Central Virginia Modern Quilt Guild

Develop and Encourage the Growth and Development of Modern Quilting through Education and Community Activities

February 2023 meeting

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Member Spotlight: Kelly Feltault

Name:  Kelly Feltault

Member of CVAMQG since: 2015? Since the beginning

How long have you been quilting? Since 1994

What is your favorite quilting tool? My saddle chair–keeps my back straight while quilting and cuts down on shoulder/neck pain

What are your favorite fabric lines and substrates? This changes a lot; but if I’m looking for a solid I like Michael Miller’s cotton couture and quilting linen; love the bamboo and recycled plastic bottle battings from Quilters Dream

Do you prefer prints or solids? Depends on the project

What is your favorite color combination? I have an entire Pinterest board of color combos, I tend to start projects by looking at those.

Favorite and least favorite parts of the quilting process: least fave: binding; favorite part: picking out the color combo and finding fabrics to match

Why do you quilt? It is part of my creative arts practice along with collage and monoprinting. There is a lot of research out there on how a creative practice supports well-being, and this is one of the main reasons I quilt. 

Where do you find inspiration? Everywhere!

Quilters who inspire you: I am including other artists here Sherri Lynn Wood, Jane Davies, Sarah Golden, John Vitale, Joe the Quilter, Rebecca Sower, Rebecca Chapman, Jennifer Candon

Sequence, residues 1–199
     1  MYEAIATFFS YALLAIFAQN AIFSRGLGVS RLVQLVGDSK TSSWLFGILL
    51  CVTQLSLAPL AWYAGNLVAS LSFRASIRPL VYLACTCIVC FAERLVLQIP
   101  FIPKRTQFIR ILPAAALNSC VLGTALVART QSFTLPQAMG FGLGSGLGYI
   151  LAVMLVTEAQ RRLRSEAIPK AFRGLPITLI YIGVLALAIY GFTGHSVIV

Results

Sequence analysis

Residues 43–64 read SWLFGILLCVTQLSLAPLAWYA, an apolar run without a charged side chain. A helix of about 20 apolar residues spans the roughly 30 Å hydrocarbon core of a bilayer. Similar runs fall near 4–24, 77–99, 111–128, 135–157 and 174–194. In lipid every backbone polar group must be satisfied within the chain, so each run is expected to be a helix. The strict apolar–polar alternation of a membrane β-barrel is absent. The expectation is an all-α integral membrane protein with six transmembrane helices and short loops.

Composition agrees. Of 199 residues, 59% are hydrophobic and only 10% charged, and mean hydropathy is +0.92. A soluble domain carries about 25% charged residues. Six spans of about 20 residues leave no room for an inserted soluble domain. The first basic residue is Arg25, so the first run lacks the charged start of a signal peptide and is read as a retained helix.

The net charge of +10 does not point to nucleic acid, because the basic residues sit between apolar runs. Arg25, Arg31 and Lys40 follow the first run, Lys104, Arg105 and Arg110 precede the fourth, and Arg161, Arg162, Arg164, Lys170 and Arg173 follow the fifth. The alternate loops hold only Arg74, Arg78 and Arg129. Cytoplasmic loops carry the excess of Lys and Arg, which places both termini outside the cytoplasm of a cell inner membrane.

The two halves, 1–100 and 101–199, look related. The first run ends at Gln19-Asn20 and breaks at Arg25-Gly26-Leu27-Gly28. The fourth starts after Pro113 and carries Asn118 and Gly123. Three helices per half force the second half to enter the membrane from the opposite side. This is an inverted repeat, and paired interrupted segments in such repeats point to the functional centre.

What is your favorite guilty pleasure while quilting? Listening to the podcast “Shagged, Married, Annoyed” when piecing or designing; and jamming out to Christmas songs or classical music while machine quilting

Tell us something about yourself that might surprise us: I speak Thai and Hungarian because I lived in both places.


Virtual workshop with Sujata Shah

We are over-the-moon excited to offer the “Stories in Stitches” online workshop with Sujata Shah. Participants will learn how to make a Siddi kawandi. (“Kawandi” means quilt.) Natalie took her workshop last month at the Vermont Quilt Festival and loved it so much, she contacted Sujata about teaching our guild. The only available time she has is Friday, September 17th 6:00 – 9:00 pm. The cost to each member is $50; nonmembers $60.

Here are 10 reasons why you need to take this workshop.

  • Sujata is an amazing teacher.  Gentle, wise, extremely knowledgeable, and an exciting artist.
  • The class connects quilting and life in ways I hadn’t thought of before.
  • To make a kawandi, you don’t need scissors, rotary tools, irons, or sewing machines.  Just needle and thread and a thimble.
  • When you make a kawandi, you do the binding, piecing, and quilting all at once!  When it’s done, it’s done.
  • You won’t know what your quilt really looks like until you sew on the final piece.  Surprise!
  • Making a kawandi is a terrific use of scraps.
  • But if you don’t want a scrappy look, Sujata has made some beautiful kawandi using solids for a totally different look.  (Visit her web sitehttps://therootconnection.blogspot.com ). Also, Margaret Fabrizio is crazy amazing, too: http://margaretfabrizio.com/quilts/index.html
  • If you are new to hand quilting, this is a fun and “safe” place to start.  Sujata talks about how our stitching, in all its “imperfections”, is really telling our story. The learning process is part of our story.  Kawandi stitching is relatively small, not larger stitching as you may have seen in kantha quilting.
  • Sewing a kawandi is addicting, and it feels glorious as you add more and more rows of stitches.
  • If you don’t believe me, here is a blog post by a woman who took Sujata’s class: https://aquilterstable.blogspot.com/2020/11/kawandi.html